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Thursday, October 11, 2007

The Should Have Been Phenomenon

By George Chingarande

Today I bring you the story of the ill-fated prince. His name was Nacirfa. He was the beloved son of the King of Eldora do and he was destined to inherit his own kingdom, the kingdom of Desiderata, which when transliterated meant the land of the desired things. One day the king went on a journey to a foreign land with his son. As was his custom he carried with him a briefcase in which was the title deed bequeathing on Nacirfa the rights to both kingdoms. As fate would have it the king died and left the son with nothing but the briefcase and in the hands of strangers who soon made him a slave. Thus he grew up as a slave of slaves. His only possession was the briefcase, but unfortunately he knew not how to open it because he did not have the combination required to unlock the key of the briefcase.

He labored day and night for his hard task master, and in the few spare moments that he sometimes got he would engage in low stakes games with other slaves. He would walk bare footed while the more privileged rode on horse- back. He would look down and despise himself for his state, and wish he could be a prince. After being sold from one master to another he eventually found himself laboring as a servant in the king's palace. There he would envy the king's household who had more than heart could wish for, while he lived in abject poverty. One cold winter night the prince froze to death. In the morning the King forcefully opened the late prince's briefcase and found the title deeds. It was then that he discovered that the slave was the lost prince for whom he had been standing in while the kingdom awaited his return. He commanded that an epitaph be erected on his grave and it read thus:

Here lies "THE SHOULD HAVE BEEN". For this man should have been crowned a king but was buried as a slave; He was a master but he lived as a servant.
He should have been a champion, but he existed as a victim
He should have been rich, but lived in poverty.
He should have fed on the choicest food but he settled for cramps. He should have been our hero, but he died a zero.
He should have been our ruler but he lived among us as a stranger, a foreigner and a sojourner in his own kingdom.
Above all he should have had a glorious life, but his life was smeared by shame.

It is not my intention to present a thesis on the prince who should have been and how he should have escaped from the shame of a timid existence. I will leave that to others. However, I can not help but think that our creator has bequeathed each one of us with a kingdom that we must possess before we check out of this life. I can not help but find myself asking, "How many people out there are misusing their lives like the prince?" There was no one who was born to be a failure and a non entity. We were all born to be winners. From the prince's story we can draw some important lessons. I will hasten to present some of them below.

The greatest lesson from the prince's story is that knowledge, especially knowledge of who you really are, regulates behavior. It is our behavior and patterns of action that determines our destiny. Ultimately the prince perished because of his ignorance of who he was. So who are you? What are you capable of becoming? Has it ever occurred to you that buried deep down in your bosom is a treasure worthy much more than the prince's lost heritage? Perhaps you are living on cramps when yours is the choicest food. Life imposes an assignment on us to discover for ourselves who we really are. Lance Armstrong is famed for winning the Tour de France for a record seven times, which is a great achievement by every standard. However, it is said that he took up the sport more seriously as a way of fighting cancer that was threatening his life. Prior to that he did not know that he was a sporting champion, and without that scare he could have died as a champion that should have been.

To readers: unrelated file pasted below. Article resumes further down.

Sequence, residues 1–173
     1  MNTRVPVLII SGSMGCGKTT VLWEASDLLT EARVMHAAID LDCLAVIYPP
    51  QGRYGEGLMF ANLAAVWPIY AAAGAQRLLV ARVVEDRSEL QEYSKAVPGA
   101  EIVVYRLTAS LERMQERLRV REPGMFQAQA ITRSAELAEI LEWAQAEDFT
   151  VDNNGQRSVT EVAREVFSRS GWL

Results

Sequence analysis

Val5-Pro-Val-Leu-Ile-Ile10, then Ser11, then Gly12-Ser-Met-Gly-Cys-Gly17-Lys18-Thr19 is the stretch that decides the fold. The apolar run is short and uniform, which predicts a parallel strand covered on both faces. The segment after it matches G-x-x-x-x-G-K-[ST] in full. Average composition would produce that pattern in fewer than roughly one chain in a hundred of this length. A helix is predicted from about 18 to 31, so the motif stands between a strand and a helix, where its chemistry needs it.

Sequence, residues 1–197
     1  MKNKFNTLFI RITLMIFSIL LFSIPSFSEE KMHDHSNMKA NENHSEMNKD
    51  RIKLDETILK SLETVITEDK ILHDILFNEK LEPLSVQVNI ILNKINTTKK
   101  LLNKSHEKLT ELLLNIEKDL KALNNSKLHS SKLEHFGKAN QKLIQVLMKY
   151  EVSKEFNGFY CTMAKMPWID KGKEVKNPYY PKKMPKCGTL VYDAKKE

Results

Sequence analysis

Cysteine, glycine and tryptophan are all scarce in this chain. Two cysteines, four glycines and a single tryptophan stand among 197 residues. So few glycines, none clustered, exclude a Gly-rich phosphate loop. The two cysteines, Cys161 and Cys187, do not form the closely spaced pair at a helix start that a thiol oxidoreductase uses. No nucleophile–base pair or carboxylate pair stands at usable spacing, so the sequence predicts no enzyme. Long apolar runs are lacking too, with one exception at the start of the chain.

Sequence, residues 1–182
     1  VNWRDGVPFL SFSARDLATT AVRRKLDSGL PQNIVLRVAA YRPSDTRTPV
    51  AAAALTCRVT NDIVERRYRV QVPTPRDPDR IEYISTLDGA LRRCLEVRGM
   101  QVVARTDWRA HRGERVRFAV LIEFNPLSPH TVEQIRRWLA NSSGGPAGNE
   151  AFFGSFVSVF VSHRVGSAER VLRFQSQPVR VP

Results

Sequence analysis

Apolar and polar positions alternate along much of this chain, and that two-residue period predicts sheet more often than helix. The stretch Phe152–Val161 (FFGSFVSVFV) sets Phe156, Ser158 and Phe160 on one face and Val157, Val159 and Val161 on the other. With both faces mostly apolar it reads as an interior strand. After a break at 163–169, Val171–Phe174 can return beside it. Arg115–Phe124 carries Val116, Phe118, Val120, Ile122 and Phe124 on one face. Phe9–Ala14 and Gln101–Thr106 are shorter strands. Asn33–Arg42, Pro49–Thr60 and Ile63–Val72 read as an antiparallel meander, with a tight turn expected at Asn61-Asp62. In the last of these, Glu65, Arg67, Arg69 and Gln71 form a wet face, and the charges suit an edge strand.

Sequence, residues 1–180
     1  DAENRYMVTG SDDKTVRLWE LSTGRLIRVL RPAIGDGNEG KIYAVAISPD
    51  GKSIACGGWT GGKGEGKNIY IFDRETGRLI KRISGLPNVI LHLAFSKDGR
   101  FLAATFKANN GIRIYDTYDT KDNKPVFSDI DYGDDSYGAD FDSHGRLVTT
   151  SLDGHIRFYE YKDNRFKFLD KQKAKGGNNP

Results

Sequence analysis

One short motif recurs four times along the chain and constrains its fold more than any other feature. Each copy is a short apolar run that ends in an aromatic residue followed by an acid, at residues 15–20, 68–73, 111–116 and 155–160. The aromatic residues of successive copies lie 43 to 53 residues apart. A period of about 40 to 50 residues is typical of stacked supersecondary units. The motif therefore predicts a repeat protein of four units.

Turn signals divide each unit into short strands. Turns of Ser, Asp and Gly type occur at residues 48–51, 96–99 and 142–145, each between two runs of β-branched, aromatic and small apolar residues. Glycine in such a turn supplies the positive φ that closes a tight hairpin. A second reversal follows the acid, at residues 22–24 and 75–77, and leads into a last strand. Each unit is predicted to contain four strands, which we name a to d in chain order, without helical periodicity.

This is the great mystery. Each one of us, the winner and the loser alike, has unlimited potential. The magic is that no one will ever be able to discover the end to human potential. Even expertism is a myth. You may fool yourself by thinking that you are expert doctor, lawyer, sculptor, musician, scientist or author. If you are wise you will know that you are just beginning. There is so much to learn and you can become far better than you are today.

The tragedy is that like the prince we are not limited by what we are, but we are limited by what we think we are not. We are not hindered by what we have, but we are hindered by what we think we do not have. Some people think that they are not geniuses, and this regulates their behaviors and limits them. Some believe mistakenly that they do not have talent or whatever it takes to achieve great things and this too hinders them. We all grossly undervalue ourselves. Like the prince we envy others and wish for more, when all it takes is for us to perform to our full potential.

It is by consistently setting high standards for themselves, reaching out for more and stretching themselves that the winners achieve peak performance. Without applying ourselves boldly and diligently like Lance Armstrong, we risk perishing with our potential trapped inside us like the prince who should have been.

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